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How ‘Black Panther’ brings Black Excellence to life unlike any other film

When it comes to hype, there’s nothing that can match a superhero movie — especially a Marvel superhero movie.

The Marvel Cinematic Universe, which continues to pump out massively successful films, has grossed more than $13.5 billion in profits, and offers a range of compelling, beloved characters such as Thor, Captain America, Guardians of the Galaxy, and Spiderman.

And with a star-studded cast, a fire soundtrack curated by Kendrick Lamar, and a budget which Marvel boss Kevin Feige says is “equal to and in fact surpass[es] our last couple of movies,” Black Panther is set to be yet another blockbuster sensation. Even before its release February 16, it’s set to break box-office records.

But the significance of Black Panther goes much deeper than box office numbers. It is an important moment for representation and Black excellence in both its storyline and production.

Black Panther is the alter-ego of T’Challa, the protector and chief of the many tribes of Wakanda. Although the outside world believes Wakanda to be a third-world country, it is in fact is a flourishing nation at the height of technological advances, which has, for its own safety, concealed its valuable resource vibranium from outsiders (vibranium is the same metal used in Captain America’s iconic shield).

Black Panther is a force to be reckoned with; the phrase “brains and brawn” would be an understatement. Enhanced with the power of an herb that is poisonous to anyone outside the Wakanda royal bloodline, he possesses superhuman strength, stealth, stamina, and healing capabilities, along with improved sight, hearing, and tracking skills.

Then there’s his top-of-the-line suit and weapons. And (of course) his genius-level intellect and his riches and influence, which crush the likes of Batman and Iron Man.

The existence of Wakanda is, at its core, a commentary on and resistance against aggressive European imperialism and its exploitation of African people and resources.

As Deirdre Hollman, one of the founders of the annual Black Comic Book Festival at the Schomburg Center for Research in Black Culture in Harlem, said, “There’s so much power that’s drawn from the notion that there was a community, a nation that resisted colonization and infiltration and subjugation.”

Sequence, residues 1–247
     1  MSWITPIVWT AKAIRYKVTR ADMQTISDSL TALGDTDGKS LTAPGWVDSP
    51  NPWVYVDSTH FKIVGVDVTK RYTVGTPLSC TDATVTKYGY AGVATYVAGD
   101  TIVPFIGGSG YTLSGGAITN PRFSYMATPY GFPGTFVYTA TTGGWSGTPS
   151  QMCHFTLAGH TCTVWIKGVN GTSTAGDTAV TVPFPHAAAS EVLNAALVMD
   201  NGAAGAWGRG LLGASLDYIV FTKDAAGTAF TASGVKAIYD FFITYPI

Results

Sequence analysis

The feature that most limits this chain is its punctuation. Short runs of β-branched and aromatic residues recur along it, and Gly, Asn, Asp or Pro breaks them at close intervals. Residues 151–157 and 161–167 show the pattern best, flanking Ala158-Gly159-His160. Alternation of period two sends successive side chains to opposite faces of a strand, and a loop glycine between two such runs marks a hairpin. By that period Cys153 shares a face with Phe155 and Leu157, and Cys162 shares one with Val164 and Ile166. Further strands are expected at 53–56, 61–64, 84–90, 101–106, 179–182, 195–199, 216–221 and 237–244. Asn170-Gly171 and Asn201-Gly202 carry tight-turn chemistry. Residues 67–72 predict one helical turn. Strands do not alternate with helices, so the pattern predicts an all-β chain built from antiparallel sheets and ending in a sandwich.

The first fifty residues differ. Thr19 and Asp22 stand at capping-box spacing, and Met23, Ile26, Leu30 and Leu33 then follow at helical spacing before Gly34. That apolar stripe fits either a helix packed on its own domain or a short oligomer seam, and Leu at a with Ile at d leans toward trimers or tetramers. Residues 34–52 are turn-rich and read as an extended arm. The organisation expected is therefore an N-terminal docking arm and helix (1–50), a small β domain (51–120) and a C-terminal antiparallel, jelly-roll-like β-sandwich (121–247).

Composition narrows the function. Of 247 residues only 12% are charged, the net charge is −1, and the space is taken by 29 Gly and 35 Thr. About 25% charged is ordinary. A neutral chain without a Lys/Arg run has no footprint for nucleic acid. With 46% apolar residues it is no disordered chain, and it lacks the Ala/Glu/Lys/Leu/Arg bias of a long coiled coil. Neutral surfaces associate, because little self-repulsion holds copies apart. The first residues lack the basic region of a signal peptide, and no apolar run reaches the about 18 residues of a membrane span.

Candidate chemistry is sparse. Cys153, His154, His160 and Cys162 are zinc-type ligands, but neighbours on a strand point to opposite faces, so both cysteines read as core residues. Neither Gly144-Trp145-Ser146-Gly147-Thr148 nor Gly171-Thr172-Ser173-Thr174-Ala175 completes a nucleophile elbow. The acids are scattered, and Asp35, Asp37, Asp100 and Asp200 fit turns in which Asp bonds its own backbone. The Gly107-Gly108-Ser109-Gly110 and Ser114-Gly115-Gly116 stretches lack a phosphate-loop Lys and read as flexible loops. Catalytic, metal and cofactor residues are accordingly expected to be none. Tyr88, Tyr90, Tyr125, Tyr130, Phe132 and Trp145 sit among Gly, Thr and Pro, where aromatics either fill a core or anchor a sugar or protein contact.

These concepts play a key role in the central conflict of the film as Black Panther and his allies must face Ulysses Klaw, who wants to seize vibranium, and Erik Killmonger, a Wakanda native who wants to create a new world order.

The promotional trailer hints at these themes when, in a compelling, militant line, Killmonger remarks, “The world’s going to start over… I’ll burn it all!”

A Black Panther movie has been a long time coming. Created by Stan Lee and Jack Kirby, the Panther first appeared in Fantastic Four in 1966, predating the creation of the Black Panther organization.

Black Panther also predates another black Marvel Hero: Blade, the half-human, half-vampire vampire hunter who first appeared in 1973 in The Tomb of Dracula and later came to life in the 1998 film starring Wesley Snipes.

With the importance and following of Black Panther, Marvel sought out an excellent team to bring the heroic vision to life, including Oakland-born director Ryan Coogler (Fruitvale Station and Creed), Californian actors Chadwick Boseman (42 and Get On Up) as T’Challa/Black Panther, and Michael B. Jordan (Fruitvale Station and Fantastic Four) as Erik Killmonger, Academy Award-winning Kenyan-Mexican actress Lupita Nyong’o (12 Years a Slave and Star Wars: The Force Awakens) as Nakia, and Zimbabwean-American actress Danai Gurira (The Walking Dead and Mother of George) as Okoye.

In addition, costume designer Ruth E. Carter, who has worked on historical films like Selma, worked to create an amazing Afrofuturistic aesthetic. She explained her process in a Slate interview:

“[I] paid homage to the ancient African traditions that are disappearing…I looked at the Surma stick fighters and how the men draped the cloth around their bodies, and I was inspired by that. I looked at the Tuareg people and how they used the beautiful purples and gold and silver. And I looked at the Maasai warriors and infused that red color onto the Dora Milaje [the elite female fighters of Wakanda]”.

Angela Basset, who plays Ramonda (T’Challa’s mother), joyfully remarked at the world premiere that the most special thing about this project was “just seeing all these beautiful, talented black people in one place, this black nation, coming together, technologically advanced, un-colonized with so much swag and brilliance.”

Recently, many people have voiced their personal enthusiasm and swelling emotion through #WhatBlackPantherMeansToMe.

Some state how important it is for kids to see themselves in their heroes to bolster their confidence, self-love, and dreams.

For their part, kids are hyped. In a viral video, students from Ron Clark Academy celebrate when they are told they will attend a film screening of Black Panther as part of a Black History Month project.

And at a time when President Donald Trump remarks in the Oval Office that immigrants from “shithole” African countries should not be welcomed in our country, the Black Panther, the legacy of Wakanda, and the celebration of Black celebrities shows pride and might.